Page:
Guest Post by Author Eileen Cook: What I Know

In interviews I’m often asked what I know now about writing/publishing that I didn’t know before I sold my first book. I can’t tell if I should be flattered that there is the feeling that I now know what I’m doing, or be distressed that they figured out I didn’t know what I was doing before.

Things I Know:

I can’t tell you how to be published: This isn’t because I’m holding out on you, but rather because there isn’t one way. Every writer has to make their own journey, some will take years to reach their goal and another will have success immediately. Don’t stress about how you compare to others, keep your eye on your own target.

You will never please everyone: You’ll never make every reader happy. JK Rowling could collaborate with Jane Austen, Stephen King, Nora Roberts, and Hemmingway there would still be someone who would post a review on Amazon that said “Meh, wasn’t that great.” If your goal is to make everyone love you and your writing, you will end up swilling bourbon in between periods of beating your head on the desk.

Use your team: Surround yourself with smart, positive people and then listen to them. Your agent, editor, critique group, and your entire publishing team (sales, marketing, booksellers, etc) can provide you with guidance, support, and kick you in the ass when you need it. Appreciate the time and effort they give you and say thank you. Smart people know they don’t know everything and aren’t afraid to ask questions.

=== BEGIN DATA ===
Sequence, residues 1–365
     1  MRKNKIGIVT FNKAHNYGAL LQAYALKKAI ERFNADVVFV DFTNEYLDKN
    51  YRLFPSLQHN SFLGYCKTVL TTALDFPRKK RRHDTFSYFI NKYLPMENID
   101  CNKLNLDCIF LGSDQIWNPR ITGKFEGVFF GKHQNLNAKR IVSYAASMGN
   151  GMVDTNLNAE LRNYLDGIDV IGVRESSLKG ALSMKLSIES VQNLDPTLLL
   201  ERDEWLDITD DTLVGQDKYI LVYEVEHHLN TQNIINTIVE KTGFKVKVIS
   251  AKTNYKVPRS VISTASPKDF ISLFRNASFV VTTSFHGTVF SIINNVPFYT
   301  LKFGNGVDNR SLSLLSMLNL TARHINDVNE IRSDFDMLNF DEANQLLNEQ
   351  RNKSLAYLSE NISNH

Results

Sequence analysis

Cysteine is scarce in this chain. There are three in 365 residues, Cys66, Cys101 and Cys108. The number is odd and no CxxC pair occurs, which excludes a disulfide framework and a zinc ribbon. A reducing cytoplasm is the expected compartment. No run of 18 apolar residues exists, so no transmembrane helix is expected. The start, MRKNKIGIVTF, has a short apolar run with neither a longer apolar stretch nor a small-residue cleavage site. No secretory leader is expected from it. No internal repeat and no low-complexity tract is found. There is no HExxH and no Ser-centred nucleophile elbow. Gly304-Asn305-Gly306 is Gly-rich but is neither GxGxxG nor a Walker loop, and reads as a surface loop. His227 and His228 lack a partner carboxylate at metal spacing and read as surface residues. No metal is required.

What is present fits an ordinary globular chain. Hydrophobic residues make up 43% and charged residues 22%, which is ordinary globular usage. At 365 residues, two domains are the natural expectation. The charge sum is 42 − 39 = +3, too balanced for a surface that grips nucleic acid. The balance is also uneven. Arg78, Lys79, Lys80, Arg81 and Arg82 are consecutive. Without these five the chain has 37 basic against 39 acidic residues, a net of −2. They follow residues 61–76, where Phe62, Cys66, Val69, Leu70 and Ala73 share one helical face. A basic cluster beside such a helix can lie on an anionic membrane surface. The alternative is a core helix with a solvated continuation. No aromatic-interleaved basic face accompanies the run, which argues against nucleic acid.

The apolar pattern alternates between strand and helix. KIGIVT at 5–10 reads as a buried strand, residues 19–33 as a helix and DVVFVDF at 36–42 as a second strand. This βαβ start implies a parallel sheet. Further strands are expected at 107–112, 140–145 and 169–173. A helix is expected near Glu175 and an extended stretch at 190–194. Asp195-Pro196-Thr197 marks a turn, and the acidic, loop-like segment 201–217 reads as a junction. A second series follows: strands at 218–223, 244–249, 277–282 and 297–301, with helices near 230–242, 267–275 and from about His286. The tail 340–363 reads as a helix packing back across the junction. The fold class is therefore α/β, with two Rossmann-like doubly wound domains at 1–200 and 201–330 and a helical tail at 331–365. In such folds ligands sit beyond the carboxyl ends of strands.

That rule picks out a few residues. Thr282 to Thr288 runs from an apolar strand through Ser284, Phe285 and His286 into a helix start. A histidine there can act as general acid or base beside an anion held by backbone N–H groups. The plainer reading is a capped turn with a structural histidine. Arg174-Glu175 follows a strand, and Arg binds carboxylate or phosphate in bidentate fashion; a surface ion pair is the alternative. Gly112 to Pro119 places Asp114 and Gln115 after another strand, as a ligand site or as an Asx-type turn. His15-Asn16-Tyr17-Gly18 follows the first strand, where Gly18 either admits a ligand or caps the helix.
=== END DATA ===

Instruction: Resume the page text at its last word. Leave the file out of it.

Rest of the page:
Remember this is your career: Yes, always listen to advice, but don’t forget this is your career. Educate yourself on what is happening in the business. Read your contracts and royalty statements and make sure you understand them. Don’t complain that others aren’t doing enough to promote your career, ask yourself what else you can be doing.

You can always do better: Is your next book your best? Are you still trying to learn more about your craft? Do you push yourself to do your best? Don’t your readers deserve that? Don’t you deserve that? What I love best about writing is that there is always more to learn.

It’s about the writing: There are a million things that can’t be controlled in publishing, but you can control the writing. Make sure writing is your priority. Remember that writing is supposed to be fun. Is there anything better than creating an imaginary world, filling it with people, and then making it come alive? This is the best job in the world and the one thing I know for certain is that I never want to forget how fortunate I am to be doing it.

Happy Writing!

Eileen Cook